Though it's not necessary to pack a full-on doctor's kit with enough stuff to outfit an emergency room, having small kit of well chosen medical items near at hand will certainly make life easier should an accident occur, and it may even save a life.
Here's a few guidelines:
There are many pre-made kits available on the market and most will serve fairly well in many situations. When buying a kit or when assembling your own, think carefully about the kinds of activities you will most likely be doing and the type of injuries or illnesses you are likely to encounter. For example if much of your time is to be spent trekking, one of the most important considerations is foot care. You will therefore want to go heavy on items for dealing with blisters, ankle sprains, athlete's foot, in-grown toenails etc.
Whether you are piecing together your own custom kit, or purchasing a pre-fab one, make sure it includes extra pairs of nitrile gloves and some type of mask or barrier for performing artificial respiration.
A second consideration is the weight and bulk of your kit. Choose items that can serve a number of purposes rather than choosing a lot of very specialized, one-use things. The larger and bulkier your kit is, the less likely you are to pack and carry it.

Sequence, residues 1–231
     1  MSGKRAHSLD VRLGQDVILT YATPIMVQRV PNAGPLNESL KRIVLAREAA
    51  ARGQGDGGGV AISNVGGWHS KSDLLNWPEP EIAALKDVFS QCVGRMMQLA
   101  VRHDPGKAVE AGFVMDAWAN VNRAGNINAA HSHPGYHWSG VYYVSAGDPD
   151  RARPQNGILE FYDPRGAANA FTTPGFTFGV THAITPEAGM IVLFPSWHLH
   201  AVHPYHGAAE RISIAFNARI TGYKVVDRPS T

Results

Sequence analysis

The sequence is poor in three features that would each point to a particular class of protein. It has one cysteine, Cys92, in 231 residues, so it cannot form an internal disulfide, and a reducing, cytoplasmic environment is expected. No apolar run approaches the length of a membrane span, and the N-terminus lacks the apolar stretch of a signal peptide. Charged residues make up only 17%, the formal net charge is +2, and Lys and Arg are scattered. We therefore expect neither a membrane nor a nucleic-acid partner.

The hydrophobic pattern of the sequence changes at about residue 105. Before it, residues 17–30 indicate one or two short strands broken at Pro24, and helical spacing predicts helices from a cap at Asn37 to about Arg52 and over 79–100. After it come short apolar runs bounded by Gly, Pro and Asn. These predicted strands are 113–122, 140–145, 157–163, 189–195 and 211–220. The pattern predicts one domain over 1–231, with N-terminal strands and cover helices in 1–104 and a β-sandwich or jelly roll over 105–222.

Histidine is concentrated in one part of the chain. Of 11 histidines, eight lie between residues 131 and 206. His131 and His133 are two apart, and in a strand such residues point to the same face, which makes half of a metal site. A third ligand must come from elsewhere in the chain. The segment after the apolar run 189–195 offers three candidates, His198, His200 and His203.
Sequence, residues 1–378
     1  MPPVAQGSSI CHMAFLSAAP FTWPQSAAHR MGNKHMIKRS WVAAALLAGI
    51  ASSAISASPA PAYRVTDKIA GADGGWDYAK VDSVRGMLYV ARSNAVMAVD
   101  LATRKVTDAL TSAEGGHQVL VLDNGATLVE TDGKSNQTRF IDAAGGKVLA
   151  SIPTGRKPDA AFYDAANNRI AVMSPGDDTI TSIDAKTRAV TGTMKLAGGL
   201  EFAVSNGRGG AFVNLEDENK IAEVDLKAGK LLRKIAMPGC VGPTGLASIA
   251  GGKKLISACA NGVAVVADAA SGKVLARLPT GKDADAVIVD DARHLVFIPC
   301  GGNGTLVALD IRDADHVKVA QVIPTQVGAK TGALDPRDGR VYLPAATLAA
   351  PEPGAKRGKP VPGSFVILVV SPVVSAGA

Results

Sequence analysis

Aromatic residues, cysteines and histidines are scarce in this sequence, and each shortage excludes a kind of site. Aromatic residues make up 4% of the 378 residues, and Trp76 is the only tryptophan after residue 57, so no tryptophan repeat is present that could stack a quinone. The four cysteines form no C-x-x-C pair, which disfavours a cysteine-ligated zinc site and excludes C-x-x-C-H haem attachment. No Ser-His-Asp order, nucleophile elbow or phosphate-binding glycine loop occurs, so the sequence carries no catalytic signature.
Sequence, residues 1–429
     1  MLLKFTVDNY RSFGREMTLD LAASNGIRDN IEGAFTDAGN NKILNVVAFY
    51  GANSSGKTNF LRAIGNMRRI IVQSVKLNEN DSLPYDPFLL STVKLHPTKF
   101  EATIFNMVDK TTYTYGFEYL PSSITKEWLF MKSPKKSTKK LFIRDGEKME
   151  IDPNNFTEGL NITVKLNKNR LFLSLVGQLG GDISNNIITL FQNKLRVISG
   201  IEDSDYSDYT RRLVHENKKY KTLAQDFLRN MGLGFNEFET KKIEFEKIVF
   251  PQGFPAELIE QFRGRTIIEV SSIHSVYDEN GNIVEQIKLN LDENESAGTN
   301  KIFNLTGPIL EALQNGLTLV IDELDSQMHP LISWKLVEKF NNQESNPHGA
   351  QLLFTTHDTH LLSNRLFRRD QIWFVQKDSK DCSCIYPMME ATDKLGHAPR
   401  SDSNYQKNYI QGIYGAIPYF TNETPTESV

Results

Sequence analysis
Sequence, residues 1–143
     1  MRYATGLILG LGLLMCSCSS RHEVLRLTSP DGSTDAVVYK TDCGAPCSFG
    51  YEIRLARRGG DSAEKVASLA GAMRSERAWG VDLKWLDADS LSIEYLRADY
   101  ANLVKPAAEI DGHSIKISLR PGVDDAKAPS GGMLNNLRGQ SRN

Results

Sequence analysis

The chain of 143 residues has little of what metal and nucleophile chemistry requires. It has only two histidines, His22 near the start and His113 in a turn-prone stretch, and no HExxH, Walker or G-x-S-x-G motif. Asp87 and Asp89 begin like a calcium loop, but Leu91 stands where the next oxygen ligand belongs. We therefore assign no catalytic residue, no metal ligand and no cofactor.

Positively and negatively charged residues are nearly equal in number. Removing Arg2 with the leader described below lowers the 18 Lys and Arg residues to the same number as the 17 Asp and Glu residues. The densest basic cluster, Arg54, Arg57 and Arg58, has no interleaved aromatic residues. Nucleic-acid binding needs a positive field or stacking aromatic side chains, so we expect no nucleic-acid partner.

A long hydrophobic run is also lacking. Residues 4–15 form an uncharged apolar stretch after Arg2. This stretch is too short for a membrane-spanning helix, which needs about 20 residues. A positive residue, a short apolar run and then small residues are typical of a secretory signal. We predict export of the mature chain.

Thirdly, consider the sort of bag or pouch that you keep your first-aid items in. It should keep things clean and dry when closed and allow the contents to be (and stay) well organized. It is useful to have a kit that will open up flat (like a book) so that it can be used as a tray to keep things organized and off of the ground while you are using it.
The single most important thing to take with you as part of your first-aid kit is knowledge—the knowledge of how to use it and more importantly, the care and judgment that will prevent you from having to open your kit in the first place.
Before you travel, take a quality first aid course, preferably a wilderness based programme that is a minimum of forty hours long. It is well worth the time and money invested.
A word about carrying medications
In addition to the usual collection of band-aids and dressings in your kit, you will probably be carrying a small number of medications. These could include common place items like mild pain relievers (aspirin, ibuprofen, acetaminophen), antihistamines, anti-diarrheals. Your kit might also contain prescription medications.
When crossing borders with medications, it is wise to carry proof of what you are carrying. If possible, keep non-prescription meds in their original containers. If you are taking prescription medications with you, be sure to carry a copy of the prescription. Keep the medication in its original container bearing a pharmacy label that indicates the contents, dosage and a Drug Identification Number (DIN). Carrying a note of explanation from your doctor is also a good idea.Add this article to your reading list